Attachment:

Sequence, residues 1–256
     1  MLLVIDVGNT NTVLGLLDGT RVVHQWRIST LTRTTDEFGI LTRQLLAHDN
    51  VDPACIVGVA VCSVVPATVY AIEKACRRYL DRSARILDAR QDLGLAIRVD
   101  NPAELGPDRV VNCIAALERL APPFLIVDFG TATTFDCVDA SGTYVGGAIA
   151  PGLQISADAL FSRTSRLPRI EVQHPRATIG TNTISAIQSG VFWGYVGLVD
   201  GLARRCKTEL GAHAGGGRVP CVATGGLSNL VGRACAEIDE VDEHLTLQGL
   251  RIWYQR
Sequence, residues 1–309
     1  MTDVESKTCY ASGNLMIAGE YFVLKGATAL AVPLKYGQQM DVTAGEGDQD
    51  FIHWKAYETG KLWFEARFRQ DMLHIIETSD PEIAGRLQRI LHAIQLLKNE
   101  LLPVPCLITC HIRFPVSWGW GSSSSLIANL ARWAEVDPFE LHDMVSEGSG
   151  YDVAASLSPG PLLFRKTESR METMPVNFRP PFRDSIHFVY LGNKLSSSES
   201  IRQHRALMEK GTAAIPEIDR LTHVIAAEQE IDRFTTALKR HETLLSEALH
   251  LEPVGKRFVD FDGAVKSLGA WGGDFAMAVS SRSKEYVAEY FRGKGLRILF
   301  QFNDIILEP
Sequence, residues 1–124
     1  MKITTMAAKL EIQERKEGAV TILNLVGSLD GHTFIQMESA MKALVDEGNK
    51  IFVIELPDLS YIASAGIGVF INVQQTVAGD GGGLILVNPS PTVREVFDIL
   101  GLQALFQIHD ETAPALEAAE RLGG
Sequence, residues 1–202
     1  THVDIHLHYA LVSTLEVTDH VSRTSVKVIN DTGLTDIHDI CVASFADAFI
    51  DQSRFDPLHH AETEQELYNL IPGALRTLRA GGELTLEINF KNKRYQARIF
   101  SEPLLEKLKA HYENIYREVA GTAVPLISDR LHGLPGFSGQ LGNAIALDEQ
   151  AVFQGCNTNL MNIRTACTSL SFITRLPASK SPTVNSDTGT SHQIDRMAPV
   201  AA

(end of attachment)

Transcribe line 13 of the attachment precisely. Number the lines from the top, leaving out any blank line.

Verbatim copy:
   201  IRQHRALMEK GTAAIPEIDR LTHVIAAEQE IDRFTTALKR HETLLSEALH